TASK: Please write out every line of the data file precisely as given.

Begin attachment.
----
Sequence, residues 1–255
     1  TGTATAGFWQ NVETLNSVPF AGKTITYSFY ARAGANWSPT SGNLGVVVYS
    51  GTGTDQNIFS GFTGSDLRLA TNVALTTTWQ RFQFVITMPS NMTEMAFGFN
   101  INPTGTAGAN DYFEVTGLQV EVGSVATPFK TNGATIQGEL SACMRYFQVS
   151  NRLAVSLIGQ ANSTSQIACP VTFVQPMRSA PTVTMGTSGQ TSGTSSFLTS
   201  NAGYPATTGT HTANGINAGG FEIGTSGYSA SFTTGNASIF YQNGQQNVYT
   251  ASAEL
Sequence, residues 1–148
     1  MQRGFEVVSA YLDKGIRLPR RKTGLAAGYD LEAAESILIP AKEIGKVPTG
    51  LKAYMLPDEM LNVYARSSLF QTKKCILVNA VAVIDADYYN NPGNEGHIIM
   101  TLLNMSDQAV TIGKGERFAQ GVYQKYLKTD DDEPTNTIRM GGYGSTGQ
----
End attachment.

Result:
Sequence, residues 1–255
     1  TGTATAGFWQ NVETLNSVPF AGKTITYSFY ARAGANWSPT SGNLGVVVYS
    51  GTGTDQNIFS GFTGSDLRLA TNVALTTTWQ RFQFVITMPS NMTEMAFGFN
   101  INPTGTAGAN DYFEVTGLQV EVGSVATPFK TNGATIQGEL SACMRYFQVS
   151  NRLAVSLIGQ ANSTSQIACP VTFVQPMRSA PTVTMGTSGQ TSGTSSFLTS
   201  NAGYPATTGT HTANGINAGG FEIGTSGYSA SFTTGNASIF YQNGQQNVYT
   251  ASAEL
Sequence, residues 1–148
     1  MQRGFEVVSA YLDKGIRLPR RKTGLAAGYD LEAAESILIP AKEIGKVPTG
    51  LKAYMLPDEM LNVYARSSLF QTKKCILVNA VAVIDADYYN NPGNEGHIIM
   101  TLLNMSDQAV TIGKGERFAQ GVYQKYLKTD DDEPTNTIRM GGYGSTGQ